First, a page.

Just because it's cold outside doesn't mean you can't grill. Consumer Reports has some advice on how to brush up on your winter weather grilling game.
"Unless the weather outside is actually dangerous, there's really never a bad time to grill. And some of the things you can make on your grill, like brisket or ribs, are really nice cold-weather comfort foods," said Consumer Reports Home Editor Paul Hope.
But you can't just fire up your grill the same way you would in July, so here's a cold-weather grilling checklist from CR to get you through the winter.
First do an inspection. In addition to a fuel check, inspect the burners, jets and gas lines for any blockages that can restrict gas flow.
Since it's cold outside, easy access to the grill is key. But don't place it too close to your house. Keep it at least 10 feet away.
Then suit up safely.
"You want to make sure that you're bundled up but avoid any loose clothing like scarves because they can get caught in the flames," Hope said.
Choose a pair of warm gloves that allow full hand movements, so you can easily manipulate your grilling tools.
"One thing to keep in mind when you're grilling in cold weather is that everything is going to take longer. That means you need to leave extra time for the pre-heat and for cooking food," he said.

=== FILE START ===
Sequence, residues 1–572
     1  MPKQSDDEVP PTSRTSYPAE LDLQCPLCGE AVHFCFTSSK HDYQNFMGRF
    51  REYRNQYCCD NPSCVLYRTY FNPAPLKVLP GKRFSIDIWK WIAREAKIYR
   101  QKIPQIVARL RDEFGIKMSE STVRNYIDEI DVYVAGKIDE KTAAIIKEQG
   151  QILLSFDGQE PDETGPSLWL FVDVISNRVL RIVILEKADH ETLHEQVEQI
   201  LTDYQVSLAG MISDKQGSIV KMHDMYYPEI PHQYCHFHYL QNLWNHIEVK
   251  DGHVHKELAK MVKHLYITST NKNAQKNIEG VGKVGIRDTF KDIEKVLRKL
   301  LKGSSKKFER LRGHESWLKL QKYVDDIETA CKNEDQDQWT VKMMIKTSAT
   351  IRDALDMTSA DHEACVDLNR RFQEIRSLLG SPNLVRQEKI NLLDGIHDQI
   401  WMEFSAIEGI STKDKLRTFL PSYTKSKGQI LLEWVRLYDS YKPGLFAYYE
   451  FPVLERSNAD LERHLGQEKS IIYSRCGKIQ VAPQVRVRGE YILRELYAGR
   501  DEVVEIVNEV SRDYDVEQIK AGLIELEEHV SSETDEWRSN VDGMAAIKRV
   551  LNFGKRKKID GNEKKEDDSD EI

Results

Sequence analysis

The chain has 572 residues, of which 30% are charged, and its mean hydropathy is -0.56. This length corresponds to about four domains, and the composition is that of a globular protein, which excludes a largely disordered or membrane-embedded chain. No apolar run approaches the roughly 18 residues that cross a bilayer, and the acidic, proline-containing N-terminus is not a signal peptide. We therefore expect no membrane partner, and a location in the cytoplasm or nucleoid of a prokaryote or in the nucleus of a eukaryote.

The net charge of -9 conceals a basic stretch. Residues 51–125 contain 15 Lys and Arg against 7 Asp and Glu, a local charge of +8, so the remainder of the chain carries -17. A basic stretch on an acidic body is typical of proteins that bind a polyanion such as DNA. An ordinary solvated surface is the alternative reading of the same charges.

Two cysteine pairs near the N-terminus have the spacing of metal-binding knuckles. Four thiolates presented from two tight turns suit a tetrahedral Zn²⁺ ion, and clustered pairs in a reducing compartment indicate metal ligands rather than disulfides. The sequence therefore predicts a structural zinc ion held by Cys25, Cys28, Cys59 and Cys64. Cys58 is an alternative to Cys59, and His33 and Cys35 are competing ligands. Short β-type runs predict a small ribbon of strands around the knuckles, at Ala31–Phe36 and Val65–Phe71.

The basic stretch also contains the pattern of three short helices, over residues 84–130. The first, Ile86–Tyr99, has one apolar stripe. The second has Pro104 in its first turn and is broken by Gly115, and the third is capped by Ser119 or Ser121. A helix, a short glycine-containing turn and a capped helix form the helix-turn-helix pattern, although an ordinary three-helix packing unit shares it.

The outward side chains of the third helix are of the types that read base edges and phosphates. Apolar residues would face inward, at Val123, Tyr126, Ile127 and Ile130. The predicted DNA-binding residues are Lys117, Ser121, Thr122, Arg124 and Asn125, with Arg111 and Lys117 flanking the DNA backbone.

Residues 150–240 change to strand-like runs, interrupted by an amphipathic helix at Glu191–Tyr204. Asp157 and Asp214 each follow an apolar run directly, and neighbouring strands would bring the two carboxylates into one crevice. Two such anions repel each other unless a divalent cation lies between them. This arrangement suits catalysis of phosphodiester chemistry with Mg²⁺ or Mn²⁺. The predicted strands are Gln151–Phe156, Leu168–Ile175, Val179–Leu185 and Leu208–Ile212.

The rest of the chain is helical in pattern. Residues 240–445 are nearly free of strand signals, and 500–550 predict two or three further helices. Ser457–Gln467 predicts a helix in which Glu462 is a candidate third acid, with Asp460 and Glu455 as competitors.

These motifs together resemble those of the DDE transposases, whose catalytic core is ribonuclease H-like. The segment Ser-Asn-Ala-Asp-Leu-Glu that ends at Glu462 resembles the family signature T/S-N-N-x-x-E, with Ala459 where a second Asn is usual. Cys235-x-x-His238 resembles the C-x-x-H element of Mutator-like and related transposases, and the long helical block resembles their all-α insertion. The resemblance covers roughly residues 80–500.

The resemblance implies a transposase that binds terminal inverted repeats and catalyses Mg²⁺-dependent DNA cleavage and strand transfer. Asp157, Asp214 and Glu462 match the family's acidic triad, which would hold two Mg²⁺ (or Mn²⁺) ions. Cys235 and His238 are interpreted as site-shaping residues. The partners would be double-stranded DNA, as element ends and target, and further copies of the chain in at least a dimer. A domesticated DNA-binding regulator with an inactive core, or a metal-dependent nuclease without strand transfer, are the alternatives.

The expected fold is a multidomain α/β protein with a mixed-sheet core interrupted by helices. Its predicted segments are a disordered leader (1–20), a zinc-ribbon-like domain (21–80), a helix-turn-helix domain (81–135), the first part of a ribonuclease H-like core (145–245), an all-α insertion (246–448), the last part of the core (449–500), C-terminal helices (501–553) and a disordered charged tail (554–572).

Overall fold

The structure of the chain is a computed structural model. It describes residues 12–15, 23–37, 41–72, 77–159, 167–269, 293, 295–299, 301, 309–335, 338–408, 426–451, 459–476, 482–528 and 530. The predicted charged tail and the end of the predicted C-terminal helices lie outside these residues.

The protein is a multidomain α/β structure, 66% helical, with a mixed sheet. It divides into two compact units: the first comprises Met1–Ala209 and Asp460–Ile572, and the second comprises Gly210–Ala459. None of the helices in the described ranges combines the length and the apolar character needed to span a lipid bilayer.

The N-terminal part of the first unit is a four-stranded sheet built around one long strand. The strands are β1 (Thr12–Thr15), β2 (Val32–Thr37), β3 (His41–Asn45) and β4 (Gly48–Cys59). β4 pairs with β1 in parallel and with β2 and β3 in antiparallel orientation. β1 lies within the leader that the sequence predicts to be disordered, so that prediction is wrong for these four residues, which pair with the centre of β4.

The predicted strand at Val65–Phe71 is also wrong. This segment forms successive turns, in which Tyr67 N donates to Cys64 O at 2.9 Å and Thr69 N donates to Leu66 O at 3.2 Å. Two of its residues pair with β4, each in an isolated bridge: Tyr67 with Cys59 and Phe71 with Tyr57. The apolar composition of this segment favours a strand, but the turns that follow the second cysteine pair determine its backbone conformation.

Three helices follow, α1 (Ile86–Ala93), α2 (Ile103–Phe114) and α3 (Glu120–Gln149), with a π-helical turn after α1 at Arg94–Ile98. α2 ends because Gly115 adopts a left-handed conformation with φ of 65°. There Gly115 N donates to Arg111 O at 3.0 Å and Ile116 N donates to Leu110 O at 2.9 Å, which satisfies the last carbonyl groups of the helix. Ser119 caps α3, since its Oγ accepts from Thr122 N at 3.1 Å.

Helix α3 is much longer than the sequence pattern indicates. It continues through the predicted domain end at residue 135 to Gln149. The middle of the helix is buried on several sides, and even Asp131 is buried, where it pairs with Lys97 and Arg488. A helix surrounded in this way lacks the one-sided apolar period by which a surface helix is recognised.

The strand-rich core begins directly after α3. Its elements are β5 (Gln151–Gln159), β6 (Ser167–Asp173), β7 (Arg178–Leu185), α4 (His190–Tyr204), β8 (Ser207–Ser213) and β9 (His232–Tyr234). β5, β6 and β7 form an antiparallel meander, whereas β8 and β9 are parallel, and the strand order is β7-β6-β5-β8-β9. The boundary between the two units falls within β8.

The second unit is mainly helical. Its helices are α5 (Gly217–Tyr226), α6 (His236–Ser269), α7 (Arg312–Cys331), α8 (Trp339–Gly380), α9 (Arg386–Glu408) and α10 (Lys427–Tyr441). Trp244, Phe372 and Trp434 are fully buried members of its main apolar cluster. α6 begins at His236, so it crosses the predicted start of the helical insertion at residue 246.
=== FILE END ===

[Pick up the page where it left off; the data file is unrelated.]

For a quicker clean-up, brush off the racks while the grill is still hot, especially if the grill will be sitting idle for the rest of the winter.
And having a meat thermometer on hand is always a good idea no matter the weather.
If you're ready for a new grill consider the CR recommended Even Embers GAS8560AS Grill. It earned an excellent rating for pre-heat performance so it'll fire up faster.
Also if you find the knobs or lid are frozen shut on your grill, move it to a warmer place only to defrost. To prevent carbon monoxide poisoning, never grill in an enclosed space or under an alcove. And always have a fire extinguisher on hand whenever you grill.
Consumer Reports: Cold weather grilling tips